Customers call on companies to shorten wait times

Time Warner Cable shortens wait time to 60 minutes

SAN DIEGO - Waiting hours for a cable technician or deliveryman to show up is costing customers time and a lot of money, with one study showing 50 percent of people surveyed took a day off work waiting for these services.

That same study, by TOA technologies, said customers lost $37.7 billion waiting for appointment times in 2011.

Kaitlin Ball told Team 10 Troubleshooter Cristin Severance she called Comcast to come to her home and install cable and knew she was in it for the long haul.

"They gave me a four-hour window, you know, something like 10:00 a.m. to 2:00 p.m. I called for updates a couple times and, you know, at 1:55 p.m. they showed up," said Ball.

Fifty-eight percent of those surveyed by TOA said they waited an average of 4 1/2 hours in 2011.

"It's incredibly frustrating. It's a waste of time, energy and money," said Ball.

Lonnie Allen, a field service supervisor for Time Warner Cable, used to deal with frustrated customers all the time. He said the appointment times could take half a day.

"When I first started, they were four hours," said Allen, who had been with the company for 13 years.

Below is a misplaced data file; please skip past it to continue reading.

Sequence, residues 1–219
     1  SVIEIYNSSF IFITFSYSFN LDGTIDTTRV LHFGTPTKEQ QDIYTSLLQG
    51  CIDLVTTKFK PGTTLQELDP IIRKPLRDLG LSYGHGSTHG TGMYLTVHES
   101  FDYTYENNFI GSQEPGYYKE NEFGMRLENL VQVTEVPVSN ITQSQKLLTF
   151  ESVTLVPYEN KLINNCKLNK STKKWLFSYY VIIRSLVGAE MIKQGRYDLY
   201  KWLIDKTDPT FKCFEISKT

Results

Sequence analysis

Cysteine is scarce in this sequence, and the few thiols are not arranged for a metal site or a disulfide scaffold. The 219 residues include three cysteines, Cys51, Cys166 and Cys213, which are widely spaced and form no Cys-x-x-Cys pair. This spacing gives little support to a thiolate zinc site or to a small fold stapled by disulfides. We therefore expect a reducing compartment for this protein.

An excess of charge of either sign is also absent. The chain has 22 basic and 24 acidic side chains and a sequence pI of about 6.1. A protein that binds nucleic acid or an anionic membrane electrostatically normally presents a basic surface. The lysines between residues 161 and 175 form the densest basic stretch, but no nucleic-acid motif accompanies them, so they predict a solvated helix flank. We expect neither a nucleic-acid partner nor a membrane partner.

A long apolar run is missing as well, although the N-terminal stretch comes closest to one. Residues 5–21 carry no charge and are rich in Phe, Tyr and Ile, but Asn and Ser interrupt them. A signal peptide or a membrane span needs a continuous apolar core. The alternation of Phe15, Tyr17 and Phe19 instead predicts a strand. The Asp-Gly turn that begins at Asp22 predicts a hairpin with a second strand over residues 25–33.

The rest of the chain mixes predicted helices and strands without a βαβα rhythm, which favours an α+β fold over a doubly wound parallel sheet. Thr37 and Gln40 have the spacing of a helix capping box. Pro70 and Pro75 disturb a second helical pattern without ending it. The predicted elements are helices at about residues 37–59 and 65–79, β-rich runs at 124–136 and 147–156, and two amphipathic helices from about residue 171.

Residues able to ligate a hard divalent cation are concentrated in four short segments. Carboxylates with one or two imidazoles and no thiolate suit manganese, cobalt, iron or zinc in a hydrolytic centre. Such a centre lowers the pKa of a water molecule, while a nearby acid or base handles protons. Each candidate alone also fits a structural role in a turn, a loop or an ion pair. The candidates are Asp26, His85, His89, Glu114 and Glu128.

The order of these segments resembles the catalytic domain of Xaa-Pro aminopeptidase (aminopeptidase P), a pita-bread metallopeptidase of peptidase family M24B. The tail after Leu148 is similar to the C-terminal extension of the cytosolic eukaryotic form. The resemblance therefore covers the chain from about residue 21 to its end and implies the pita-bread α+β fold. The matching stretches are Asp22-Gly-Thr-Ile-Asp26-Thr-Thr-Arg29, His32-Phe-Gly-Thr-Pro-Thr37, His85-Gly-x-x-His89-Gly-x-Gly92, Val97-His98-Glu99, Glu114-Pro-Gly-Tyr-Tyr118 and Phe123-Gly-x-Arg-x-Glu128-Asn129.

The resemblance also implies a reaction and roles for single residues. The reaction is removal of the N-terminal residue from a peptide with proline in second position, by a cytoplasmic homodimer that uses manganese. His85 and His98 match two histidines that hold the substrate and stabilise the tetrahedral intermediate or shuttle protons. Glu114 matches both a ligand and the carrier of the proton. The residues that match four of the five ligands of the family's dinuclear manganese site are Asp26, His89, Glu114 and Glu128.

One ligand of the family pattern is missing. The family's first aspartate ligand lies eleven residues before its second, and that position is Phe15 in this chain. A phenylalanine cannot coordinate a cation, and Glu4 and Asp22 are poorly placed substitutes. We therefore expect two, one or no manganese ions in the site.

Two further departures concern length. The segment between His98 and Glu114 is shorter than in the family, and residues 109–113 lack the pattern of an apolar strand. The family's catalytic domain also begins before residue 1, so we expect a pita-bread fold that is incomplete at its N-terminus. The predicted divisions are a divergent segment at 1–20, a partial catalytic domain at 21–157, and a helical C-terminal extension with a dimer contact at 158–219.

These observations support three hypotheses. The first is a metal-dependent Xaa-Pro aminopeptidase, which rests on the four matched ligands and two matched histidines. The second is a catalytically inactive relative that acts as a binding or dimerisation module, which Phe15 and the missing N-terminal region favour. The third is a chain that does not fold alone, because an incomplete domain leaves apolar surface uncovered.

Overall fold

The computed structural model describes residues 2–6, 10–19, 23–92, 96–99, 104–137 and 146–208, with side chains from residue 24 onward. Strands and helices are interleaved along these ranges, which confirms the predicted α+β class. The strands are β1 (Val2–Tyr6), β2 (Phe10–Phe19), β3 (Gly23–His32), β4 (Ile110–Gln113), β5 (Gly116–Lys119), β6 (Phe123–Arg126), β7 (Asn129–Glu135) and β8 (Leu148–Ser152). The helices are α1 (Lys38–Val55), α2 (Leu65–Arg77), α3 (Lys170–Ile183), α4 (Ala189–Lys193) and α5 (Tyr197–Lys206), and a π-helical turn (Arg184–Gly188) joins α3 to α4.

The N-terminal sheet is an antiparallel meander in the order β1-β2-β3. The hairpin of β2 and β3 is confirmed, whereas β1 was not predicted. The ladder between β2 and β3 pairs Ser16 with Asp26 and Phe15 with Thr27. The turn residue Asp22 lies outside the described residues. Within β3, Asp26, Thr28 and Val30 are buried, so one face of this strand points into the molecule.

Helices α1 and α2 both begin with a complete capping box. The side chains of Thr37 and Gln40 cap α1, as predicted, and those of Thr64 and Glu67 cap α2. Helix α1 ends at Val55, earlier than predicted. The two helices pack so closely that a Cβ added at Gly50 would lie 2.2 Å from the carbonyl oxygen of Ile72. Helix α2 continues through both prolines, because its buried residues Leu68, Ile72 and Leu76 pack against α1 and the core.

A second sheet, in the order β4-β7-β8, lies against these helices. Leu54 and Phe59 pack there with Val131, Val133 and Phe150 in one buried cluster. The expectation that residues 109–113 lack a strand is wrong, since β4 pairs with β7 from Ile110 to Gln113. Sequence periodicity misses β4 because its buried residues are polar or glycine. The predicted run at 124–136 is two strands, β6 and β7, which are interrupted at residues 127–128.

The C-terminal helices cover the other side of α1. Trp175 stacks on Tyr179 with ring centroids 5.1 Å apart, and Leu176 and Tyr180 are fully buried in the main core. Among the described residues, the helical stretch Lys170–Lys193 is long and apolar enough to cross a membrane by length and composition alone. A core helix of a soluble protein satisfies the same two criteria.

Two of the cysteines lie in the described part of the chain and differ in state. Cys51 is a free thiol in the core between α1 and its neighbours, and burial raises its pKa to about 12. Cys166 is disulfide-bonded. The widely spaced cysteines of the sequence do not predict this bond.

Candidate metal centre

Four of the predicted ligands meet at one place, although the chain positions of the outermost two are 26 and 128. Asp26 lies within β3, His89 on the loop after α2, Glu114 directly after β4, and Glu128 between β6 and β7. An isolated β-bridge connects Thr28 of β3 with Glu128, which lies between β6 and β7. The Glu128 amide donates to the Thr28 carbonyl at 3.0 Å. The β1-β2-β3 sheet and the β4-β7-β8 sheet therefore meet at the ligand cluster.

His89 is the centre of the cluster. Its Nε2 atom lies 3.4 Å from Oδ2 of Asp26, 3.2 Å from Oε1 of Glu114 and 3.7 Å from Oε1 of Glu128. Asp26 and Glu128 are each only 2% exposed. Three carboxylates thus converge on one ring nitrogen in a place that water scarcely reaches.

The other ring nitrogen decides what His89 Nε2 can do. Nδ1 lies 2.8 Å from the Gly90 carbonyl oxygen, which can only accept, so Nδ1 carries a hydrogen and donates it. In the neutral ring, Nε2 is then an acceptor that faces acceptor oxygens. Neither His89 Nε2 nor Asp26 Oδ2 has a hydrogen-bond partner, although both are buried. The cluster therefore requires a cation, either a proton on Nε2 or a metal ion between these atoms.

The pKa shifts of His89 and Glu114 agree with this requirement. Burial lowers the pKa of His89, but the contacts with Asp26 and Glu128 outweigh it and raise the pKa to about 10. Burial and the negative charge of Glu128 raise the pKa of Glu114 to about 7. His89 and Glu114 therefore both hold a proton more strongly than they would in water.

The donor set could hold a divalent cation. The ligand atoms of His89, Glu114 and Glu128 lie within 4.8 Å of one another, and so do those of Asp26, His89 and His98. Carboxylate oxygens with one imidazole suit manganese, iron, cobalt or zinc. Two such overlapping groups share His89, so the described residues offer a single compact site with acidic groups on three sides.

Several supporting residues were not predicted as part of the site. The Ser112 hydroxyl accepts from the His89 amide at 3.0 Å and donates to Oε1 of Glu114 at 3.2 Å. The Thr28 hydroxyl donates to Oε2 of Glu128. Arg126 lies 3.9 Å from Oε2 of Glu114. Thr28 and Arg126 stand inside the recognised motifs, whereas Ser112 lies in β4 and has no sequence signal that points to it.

Time Warner shortened their wait times to 60 minutes at the end of 2012. They said they were the first cable company to do so and customers are noticing.

"It frees up their day, they don't have to wait for us all day long," said Allen.

Team 10 looked at how long customers are waiting for other services:

-- Comcast now promises to come during a two-hour window or you get $20 or a free premium channel for three months
-- Sears has a two-hour delivery time for washers and dryers
-- Jerome's furniture has a four-hour window.

Allen believes it's only a matter of time before other companies follow suit and shorten the wait, otherwise they are going to not have that customer anymore.

Some companies charge customers for a shorter wait. For example, UPS lets customers pick a two-hour wait time for $40 a year.

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